Divide Herb Roots

How to divide herb roots

Find out how to divide the roots of herbs that produce creeping rhizomes, such as tarragon, horseradish, mint and sweet woodruff.

Do it:

Oct, Nov

Takes just:

30 minutes

As the weather turns colder in autumn, it's sensible to be prepared and insure your precious herbs against damage. Herbs that are worth spending time on in the late autumn and early winter are tender herbs needing protection from frost, such as French tarragon.

Autumn is the ideal time for taking root cuttings from herbs that produce creeping rhizomes – shoots or suckers – from the roots. Plants such as French tarragon have thick and fleshy roots that store food, enabling the root to survive and grow once detached.

The following steps are a beneficial and rewarding way to produce lots of new plants.

The steps can also be used for horseradish, mint and sweet woodruff.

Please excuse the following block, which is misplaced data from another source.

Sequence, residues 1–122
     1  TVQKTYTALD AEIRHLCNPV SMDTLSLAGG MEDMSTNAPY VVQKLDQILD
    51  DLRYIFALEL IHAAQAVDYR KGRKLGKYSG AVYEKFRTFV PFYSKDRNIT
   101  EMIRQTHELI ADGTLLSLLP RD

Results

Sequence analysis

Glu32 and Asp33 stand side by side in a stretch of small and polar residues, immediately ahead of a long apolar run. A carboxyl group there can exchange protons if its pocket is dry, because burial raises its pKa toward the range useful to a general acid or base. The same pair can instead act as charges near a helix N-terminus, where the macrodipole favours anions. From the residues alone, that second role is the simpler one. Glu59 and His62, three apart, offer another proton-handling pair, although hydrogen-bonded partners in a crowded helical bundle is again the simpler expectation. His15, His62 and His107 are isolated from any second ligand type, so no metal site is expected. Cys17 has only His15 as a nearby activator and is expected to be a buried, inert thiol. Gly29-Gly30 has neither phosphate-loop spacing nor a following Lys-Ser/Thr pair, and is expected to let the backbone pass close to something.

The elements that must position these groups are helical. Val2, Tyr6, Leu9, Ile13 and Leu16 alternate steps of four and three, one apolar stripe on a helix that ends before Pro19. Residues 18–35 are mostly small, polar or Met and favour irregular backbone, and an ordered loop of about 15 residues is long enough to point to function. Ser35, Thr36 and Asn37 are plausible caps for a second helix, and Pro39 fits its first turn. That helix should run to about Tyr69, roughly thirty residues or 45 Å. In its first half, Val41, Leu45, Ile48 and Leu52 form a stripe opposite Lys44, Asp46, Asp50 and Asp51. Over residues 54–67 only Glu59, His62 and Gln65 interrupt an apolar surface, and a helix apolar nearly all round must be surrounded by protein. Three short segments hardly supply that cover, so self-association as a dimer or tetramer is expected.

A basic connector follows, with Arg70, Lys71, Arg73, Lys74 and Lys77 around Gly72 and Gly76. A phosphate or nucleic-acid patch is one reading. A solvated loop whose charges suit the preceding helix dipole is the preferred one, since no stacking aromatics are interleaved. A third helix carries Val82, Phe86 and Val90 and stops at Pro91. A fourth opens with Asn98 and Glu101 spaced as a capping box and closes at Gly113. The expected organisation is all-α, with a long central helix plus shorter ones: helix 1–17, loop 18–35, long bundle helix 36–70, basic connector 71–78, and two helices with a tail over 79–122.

You will need

  • Large modules or small pots
  • Compost
  • A large pot-grown plant
  • A saw


Choose large modules, or small pots. Half fill each with compost consisting of one-third finely shredded bark, one-third vermiculite and one-third potting compost. Water well.

Choose a large pot-grown plant, remove the pot, then saw the rootball in half. Repot one half, using fresh compost. The remaining half can then be divided to give masses of root cuttings.

Cut off the top growth from your cuttings and prune the hairy roots so that each cutting fits in a module, taking care not to damage the creeping rhizome – the engine of next year's crop.

Autumn is also the ideal time for taking root cuttings from herbs that produce creeping rhizomes.

Firm into the module, cover with more compost to just below the rim, water lightly, label, then place in a cold greenhouse or cold frame. Only water again to prevent the compost from drying out completely.


Discover more ideas and inspiration

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How to divide supermarket herbs

How to take semi-ripe cuttings from herbs

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